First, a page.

Block Island Memories

Jeff Taylor

|

As I look out my back window watching the snow gradually cover the backyard, the radiator emits a reassuring hiss of heat that warms me to the bone. Although it’s only mid-afternoon, the distant sun, a white-gold disc, shines dimly through the low clouds. The silvery light outside seems to come from everywhere at once, filtered through the clouds and reflecting off the thick blanket of wet snow. With snow covering every twig with white frosting, the world looks like it’s made of spun sugar.

As I start to daydream, everything seems translucent and surreal. The radiator’s warmth takes me right back to the long hot days of last summer’s sailing season—a beautiful time spent mostly on OPBs (other people’s boats). I recall the passage Troy Sill and I made to Block Island, Rhode Island, on his Columbia sloop Willful.

Smooth sailing to Block Island

In 2016, we spent a week or so touring a few of the small towns along western Long Island Sound. We were happy to hang out on the boat awhile but not very ambitious about traveling far and wide. In 2018, though still severely limited in terms of time, we wanted to push our horizons farther east and planned to head for Block Island in one shot, knowing it would take us at least 24 hours to get there. Planning to sail right through the night and arrive sometime after daybreak the next day, we left early in the morning on the last day of July.

It was almost dead calm when we dropped the mooring in New Rochelle. We motor-sailed for a while across glassy smooth water in the early morning haze. Then, the wind picked up and blew a sweet, steady 10- to 12-knot southwesterly all day long. The sun was warm and bright but not blistering. Steering was a pleasure, leaning back into a cushion propped against the cockpit coaming and taffrail. The captain kept busy in the galley, feeding me breakfast and then sandwiches and drinks all day. He did his share of the steering as well, while all I had to do was soak it all in and go below for a nap when I was tired. The sun rose before us, marched to the meridian high up in the south and slowly set behind us. The day was gone before we knew it, but half a year later, the pleasant memory seems as if it all happened just a few minutes ago.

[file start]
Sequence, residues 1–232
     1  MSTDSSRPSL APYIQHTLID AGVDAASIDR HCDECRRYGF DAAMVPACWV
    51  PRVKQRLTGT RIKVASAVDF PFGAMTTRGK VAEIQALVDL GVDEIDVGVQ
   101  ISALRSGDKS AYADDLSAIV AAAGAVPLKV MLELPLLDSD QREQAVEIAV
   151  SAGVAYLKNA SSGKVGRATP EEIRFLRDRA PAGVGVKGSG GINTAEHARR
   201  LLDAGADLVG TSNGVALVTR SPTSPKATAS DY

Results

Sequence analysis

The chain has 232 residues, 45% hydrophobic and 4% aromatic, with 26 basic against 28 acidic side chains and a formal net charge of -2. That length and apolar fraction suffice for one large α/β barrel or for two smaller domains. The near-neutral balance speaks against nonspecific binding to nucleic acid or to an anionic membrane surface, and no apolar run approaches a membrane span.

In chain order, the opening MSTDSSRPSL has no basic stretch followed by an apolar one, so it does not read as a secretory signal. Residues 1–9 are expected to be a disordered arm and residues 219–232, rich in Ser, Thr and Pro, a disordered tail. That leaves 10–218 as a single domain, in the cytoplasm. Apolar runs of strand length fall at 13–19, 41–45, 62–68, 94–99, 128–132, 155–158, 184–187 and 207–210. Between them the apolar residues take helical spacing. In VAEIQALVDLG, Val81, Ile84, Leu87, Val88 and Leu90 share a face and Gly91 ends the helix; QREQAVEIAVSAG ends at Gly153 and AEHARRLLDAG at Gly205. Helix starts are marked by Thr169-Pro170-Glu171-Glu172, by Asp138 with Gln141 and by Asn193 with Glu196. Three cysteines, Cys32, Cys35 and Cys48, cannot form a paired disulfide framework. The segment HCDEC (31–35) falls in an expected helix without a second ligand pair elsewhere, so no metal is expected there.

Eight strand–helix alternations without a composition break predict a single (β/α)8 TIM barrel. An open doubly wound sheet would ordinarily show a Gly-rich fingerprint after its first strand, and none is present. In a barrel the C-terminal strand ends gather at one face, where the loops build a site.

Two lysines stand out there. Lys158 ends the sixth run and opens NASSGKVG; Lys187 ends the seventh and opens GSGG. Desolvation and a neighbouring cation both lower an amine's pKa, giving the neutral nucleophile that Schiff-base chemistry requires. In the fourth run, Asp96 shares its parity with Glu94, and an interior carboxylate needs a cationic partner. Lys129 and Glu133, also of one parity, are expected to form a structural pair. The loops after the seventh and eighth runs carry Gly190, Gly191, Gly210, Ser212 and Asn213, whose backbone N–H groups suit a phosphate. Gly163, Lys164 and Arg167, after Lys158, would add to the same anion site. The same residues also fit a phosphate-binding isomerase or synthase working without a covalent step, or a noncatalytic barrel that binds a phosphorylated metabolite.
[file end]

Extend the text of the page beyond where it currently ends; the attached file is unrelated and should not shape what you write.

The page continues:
Troy Sill's Columbia sloop Willful
Troy Sill’s Columbia sloop Willful

If anything, the night was even sweeter. It was still warm and clear, and the wind kept up as steady as an old friend, making steering a pure, easy joy. Troy had cooked up some stew before sundown and kept food and drink coming into the cockpit all night long. The moon shined its bright light down on the sound from sunset until it sank below the western horizon, a few hours before dawn. I remember feeling like this was all going to be over too soon, that I was going to be sad when we arrived. The only thing steadier than the wind was the captain, relieving me before I got tired, so I alternated between steering through that beautiful starry night and napping below—sleeping the sleep only sailors on a passage know. Sleeping underway in those conditions is magical—with no worries and no noise except the gurgle of water passing the hull. The boat’s motion is as gentle as a baby’s cradle. I woke up in a different state of consciousness, with a quiet sense of purpose and no hurry. It was like waking up in a different age, centuries ago, when people had time to just live.

The eastern end of Long Island Sound is a special place with wide vistas. From the middle of Block Island Sound, we could see Plum Island and Orient Point behind us to the west in the last moonlight well before dawn. Fishers Island and the Connecticut and Rhode Island shore were visible to the north, and Gardiner’s Island and Montauk Point could be seen far away to the south. For a long time, Block Island appeared as a faint glow on the eastern horizon. Beyond “Block,” as we started calling it, was the limitless Atlantic Ocean.

Of course, we were lucky to have such easy, favorable conditions for the whole 120-mile passage with only two crew aboard a 27-foot sailboat. The calm and quiet conspired to put us in the perfect state of mind to be utterly transported by the long-awaited dawn.

We caught sight of the Block Island shore before sunup. At first an indistinct mass on the fuzzy horizon, it became unmistakable in the glow of the coming sun. When the sun rose above the horizon, the island emerged into the pristine light of a brand new day. By this time, the Block Island North Lighthouse stood out clearly at the north end of the island, and it wasn’t long before we heard and saw the red number 2 bell buoy at the entrance to Great Salt Pond, the island’s main yacht harbor. We cranked up the engine and motored in.